Mattis said the complexity of the current Middle East is not that unusual in the historical spectrum. "There may be a new organization of those challenges, but the threat is plenty tangible," he said. "We appear to be suffering through a strategic deficit in the Western democracies in general and the United States in particular. It's one of the reasons we need you young folks to study history and come up and say, it may be difficult, but history has never accepted that excuse."

Mattis said the United States needs to take the approach of "walking a mile in their shoes" when working with Middle Eastern countries that are struggling against extremism. "Before we declare someone beyond the pale, we've got to be willing to work with them," he said. "I think that's our role right now—to find where we stand and work with those where we find differences."

That prompted another student question: What other strategies, aside from conventional military force, is necessary to combat Islamic extremism?

Mattis said it's key to support the countervailing forces of education, economics and reform-minded leaders in the region. He emphasized that such an effort begins by bringing together people who share common interests. "The military is part of that response—it may not even be the leading part of it—and you start working against (extremist) recruiting, their fundraising, their bastardization of education that's allowing this to grow," Mattis said. "You use the military ... to buy time for those other efforts to reduce the root causes (of extremism)."

In the Ukrainian conflict, Mattis said, Russia President Vladimir Putin aims to fragment NATO, "and it appears to be working." A student asked if it makes sense for the United States, or NATO, to intervene. Mattis said it's hard to tell what the military alliance of NATO, which does not include Ukraine, currently stands for. Twenty years ago, he said, the answer would have been a clear 'yes.' "It's very interesting that today you asked the question, and I can't even answer."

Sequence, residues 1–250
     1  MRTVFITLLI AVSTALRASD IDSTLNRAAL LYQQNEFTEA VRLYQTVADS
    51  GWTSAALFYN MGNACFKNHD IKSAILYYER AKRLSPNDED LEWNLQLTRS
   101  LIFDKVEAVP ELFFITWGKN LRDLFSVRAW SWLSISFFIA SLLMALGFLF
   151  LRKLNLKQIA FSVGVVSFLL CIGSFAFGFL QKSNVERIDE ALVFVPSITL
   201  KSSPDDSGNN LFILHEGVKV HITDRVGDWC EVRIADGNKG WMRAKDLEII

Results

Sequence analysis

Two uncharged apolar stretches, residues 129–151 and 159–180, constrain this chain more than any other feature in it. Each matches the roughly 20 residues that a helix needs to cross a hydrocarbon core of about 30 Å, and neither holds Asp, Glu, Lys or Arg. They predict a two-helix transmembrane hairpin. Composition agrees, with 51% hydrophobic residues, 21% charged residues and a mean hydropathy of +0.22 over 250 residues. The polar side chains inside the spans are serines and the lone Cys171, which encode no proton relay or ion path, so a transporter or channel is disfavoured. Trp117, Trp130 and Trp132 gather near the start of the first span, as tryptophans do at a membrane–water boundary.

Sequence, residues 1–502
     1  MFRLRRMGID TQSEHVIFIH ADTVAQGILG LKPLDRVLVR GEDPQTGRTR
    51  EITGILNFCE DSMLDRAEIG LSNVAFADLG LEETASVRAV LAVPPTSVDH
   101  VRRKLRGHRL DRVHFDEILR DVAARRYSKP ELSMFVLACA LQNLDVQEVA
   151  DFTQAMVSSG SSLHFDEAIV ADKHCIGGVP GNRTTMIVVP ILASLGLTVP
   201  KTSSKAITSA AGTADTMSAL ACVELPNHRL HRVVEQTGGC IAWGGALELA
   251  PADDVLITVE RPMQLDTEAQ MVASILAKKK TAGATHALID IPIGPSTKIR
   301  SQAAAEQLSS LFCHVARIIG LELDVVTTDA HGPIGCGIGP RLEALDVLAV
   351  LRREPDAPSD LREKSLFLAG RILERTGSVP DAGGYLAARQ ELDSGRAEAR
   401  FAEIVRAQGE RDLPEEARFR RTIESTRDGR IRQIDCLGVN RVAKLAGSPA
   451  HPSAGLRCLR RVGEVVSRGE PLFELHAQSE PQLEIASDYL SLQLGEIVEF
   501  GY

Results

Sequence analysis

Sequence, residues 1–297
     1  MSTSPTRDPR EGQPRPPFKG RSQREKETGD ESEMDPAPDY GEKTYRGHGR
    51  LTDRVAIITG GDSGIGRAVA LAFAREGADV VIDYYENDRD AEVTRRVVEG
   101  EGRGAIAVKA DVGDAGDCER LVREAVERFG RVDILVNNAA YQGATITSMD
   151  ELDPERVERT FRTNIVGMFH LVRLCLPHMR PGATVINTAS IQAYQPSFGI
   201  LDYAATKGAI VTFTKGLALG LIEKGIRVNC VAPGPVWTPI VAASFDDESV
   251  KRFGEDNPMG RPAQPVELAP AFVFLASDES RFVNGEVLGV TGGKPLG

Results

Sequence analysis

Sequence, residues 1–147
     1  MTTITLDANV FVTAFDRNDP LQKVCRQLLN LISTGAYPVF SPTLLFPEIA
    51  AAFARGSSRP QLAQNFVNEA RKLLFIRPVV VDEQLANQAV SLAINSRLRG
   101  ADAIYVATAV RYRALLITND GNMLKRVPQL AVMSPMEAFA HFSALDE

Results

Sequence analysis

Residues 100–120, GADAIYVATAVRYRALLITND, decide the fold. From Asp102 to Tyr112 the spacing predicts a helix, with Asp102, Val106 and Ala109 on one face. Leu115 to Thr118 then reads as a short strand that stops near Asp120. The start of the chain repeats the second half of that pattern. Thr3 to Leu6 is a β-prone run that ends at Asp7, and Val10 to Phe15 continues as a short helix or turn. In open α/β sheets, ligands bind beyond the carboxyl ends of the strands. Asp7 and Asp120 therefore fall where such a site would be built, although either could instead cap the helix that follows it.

Mattis is a visiting lecturer at universities—including Stanford, Dartmouth, Texas A&M and Washington State—and often gets invited to speak to leaders of Silicon Valley startup firms near his home in Northern California. Mattis said he enjoys talking with young people because of their open-mindedness and intelligence—a refreshing change from the cynicism that pervades Washington, D.C.

With about 1,000 student veterans, CU Denver has a large veteran presence on campus, as well as innovative programs such as Boots to Suits. Mattis also visited with staff and students at the Veteran Student Services office. The former general donated his time in honor of CU Denver's student veterans; his visit was corrdinated by the History and Political Science departments.

"I did well getting an education wandering around the world," he said, "and I try to pass it on to young people." Mattis is extremely well-read, having a personal library of more than a thousand books.

When a student asked Mattis how he'd like to be remembered in history, he replied he'd prefer to anonymously teach people what he's learned. "I'm uninterested in any kind of spotlight," he said. "I signed a lot of orders sending young guys in to fight, and a lot of them paid the price. So there's no need for me to be remembered. I'd rather that their efforts be remembered."